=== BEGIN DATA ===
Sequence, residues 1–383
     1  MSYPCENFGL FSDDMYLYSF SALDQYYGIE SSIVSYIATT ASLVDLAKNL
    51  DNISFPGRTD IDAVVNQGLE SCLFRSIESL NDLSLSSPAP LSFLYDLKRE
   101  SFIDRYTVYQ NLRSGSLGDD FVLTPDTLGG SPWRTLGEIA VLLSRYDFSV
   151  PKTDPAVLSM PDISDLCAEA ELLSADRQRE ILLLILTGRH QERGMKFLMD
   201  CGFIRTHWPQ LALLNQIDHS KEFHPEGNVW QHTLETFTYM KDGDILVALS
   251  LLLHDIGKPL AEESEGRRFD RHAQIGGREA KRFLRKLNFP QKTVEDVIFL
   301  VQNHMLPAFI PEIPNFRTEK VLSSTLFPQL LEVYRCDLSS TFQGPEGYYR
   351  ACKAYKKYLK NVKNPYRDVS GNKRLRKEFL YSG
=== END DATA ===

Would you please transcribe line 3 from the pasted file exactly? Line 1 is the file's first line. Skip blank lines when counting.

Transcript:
    51  DNISFPGRTD IDAVVNQGLE SCLFRSIESL NDLSLSSPAP LSFLYDLKRE